First Business Survey: Business optimism continues into 2019
The survey, taken this fall, found that 2018 was the fifth consecutive strong year in terms of sales revenue and profitability, and that three quarters of the respondents expect overall business performance to further improve in 2019, while only 7% expect a decline.
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Despite gathering national and international economic headwinds, Greater Madison employers remain optimistic about their business prospects for 2019, according to the 16th annual First Business economic survey.
Survey results will be presented today during the annual First Business Economic Forum, and they reveal that optimistic expectations for 2018 were not only met, but they will carry into 2019. The survey, taken this fall, found that 2018 was the fifth consecutive strong year in terms of sales revenue and profitability, and that three quarters of the respondents expect overall business performance to further improve in 2019, while only 7 percent expect a decline.
The 2018 First Business Bank Economic Survey was completed by 282 respondents in three regions in Wisconsin, with 134 coming from Dane County. It was distributed electronically to business decision makers — including owners, chief executive officers, and chief financial officers — and was completed over a period of six weeks, from mid-September to early November 2018.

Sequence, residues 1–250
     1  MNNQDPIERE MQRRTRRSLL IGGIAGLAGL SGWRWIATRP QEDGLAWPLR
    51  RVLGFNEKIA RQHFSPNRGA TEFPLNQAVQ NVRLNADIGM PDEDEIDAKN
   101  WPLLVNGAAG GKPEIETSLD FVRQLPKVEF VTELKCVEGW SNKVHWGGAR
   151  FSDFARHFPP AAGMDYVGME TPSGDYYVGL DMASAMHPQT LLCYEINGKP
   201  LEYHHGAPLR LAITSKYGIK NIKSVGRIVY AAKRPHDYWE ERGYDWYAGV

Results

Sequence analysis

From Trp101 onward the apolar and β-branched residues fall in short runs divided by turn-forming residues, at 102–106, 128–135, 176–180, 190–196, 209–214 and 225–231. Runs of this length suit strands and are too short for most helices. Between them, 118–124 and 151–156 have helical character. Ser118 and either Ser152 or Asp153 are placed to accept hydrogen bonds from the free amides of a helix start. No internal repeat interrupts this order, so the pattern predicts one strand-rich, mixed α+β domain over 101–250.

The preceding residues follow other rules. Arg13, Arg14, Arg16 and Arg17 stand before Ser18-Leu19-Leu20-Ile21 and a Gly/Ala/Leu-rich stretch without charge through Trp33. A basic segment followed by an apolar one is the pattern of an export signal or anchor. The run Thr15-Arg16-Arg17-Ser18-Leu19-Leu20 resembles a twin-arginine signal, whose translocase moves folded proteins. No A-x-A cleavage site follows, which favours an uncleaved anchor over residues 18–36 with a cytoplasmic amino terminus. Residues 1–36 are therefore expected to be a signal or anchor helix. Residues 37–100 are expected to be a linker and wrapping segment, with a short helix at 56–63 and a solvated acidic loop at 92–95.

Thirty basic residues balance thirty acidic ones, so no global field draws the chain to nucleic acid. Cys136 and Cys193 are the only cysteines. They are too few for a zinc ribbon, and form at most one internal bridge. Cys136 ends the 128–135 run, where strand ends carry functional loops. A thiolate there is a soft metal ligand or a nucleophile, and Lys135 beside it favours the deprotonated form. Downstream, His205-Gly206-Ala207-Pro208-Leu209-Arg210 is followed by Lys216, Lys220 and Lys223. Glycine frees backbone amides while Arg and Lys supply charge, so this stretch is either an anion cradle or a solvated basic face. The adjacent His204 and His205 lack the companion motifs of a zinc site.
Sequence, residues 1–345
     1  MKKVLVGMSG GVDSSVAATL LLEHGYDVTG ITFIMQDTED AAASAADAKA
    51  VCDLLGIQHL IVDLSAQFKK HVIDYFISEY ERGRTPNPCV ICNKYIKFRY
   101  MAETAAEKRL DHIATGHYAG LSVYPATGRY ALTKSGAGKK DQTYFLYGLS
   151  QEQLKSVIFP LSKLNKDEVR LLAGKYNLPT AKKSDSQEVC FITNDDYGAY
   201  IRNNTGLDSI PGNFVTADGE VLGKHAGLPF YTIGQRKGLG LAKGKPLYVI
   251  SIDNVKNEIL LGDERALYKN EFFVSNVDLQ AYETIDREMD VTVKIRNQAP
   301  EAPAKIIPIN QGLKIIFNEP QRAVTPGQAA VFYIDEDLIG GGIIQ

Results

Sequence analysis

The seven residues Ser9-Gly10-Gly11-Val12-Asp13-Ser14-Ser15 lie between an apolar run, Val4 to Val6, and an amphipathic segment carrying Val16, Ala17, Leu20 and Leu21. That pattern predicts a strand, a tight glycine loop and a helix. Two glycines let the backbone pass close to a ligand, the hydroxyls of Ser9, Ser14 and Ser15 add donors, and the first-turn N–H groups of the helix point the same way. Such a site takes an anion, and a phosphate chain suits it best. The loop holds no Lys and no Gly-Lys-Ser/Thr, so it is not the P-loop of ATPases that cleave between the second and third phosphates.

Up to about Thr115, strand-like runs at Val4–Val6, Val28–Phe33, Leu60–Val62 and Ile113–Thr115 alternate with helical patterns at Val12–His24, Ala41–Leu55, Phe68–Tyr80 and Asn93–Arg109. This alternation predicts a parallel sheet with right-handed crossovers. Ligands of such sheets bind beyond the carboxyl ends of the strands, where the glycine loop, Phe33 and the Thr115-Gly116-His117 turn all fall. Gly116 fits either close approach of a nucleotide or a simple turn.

Dr. Moses Altsech, who conducted the annual survey, notes the overall economic picture in Dane County has been outstanding for several years now. “Things look very optimistic in the survey,” states Altsech, who serves on the faculty of the Wisconsin School of Business at the University of Wisconsin–Madison and as the president of Moses Altsech Consulting LLC. “In fact, it’s one of many years in a row where optimism is strong.”
The timing of the survey was such that most responses had come in before the mid-term election results, Altsech adds, and more recent stock market volatility could make people wonder whether 2019 optimism is premature. However, that upbeat mood is consistent “with other economic indicators around the country, so the results of the survey and the optimism is very well aligned with those,” he notes.
What just happened?
The survey focuses on the current year’s actual and next year’s predicted results in seven categories, including sales revenue, profitability, and hiring plans.
Heading into 2018, an overwhelming 99 percent of local companies expected improved or unchanged performance, including 79 percent that anticipated improvement. Moreover, just 1 percent of respondents expected a worse overall business performance in 2018 than they had in 2017.
Sales revenue for 2018 tied the historic high from 2014, and profitability was very strong, making 2018 one of the best years in the history of the survey. The percentage of companies adding new employees also marked a new historic high, as did the percentage of companies increasing wages.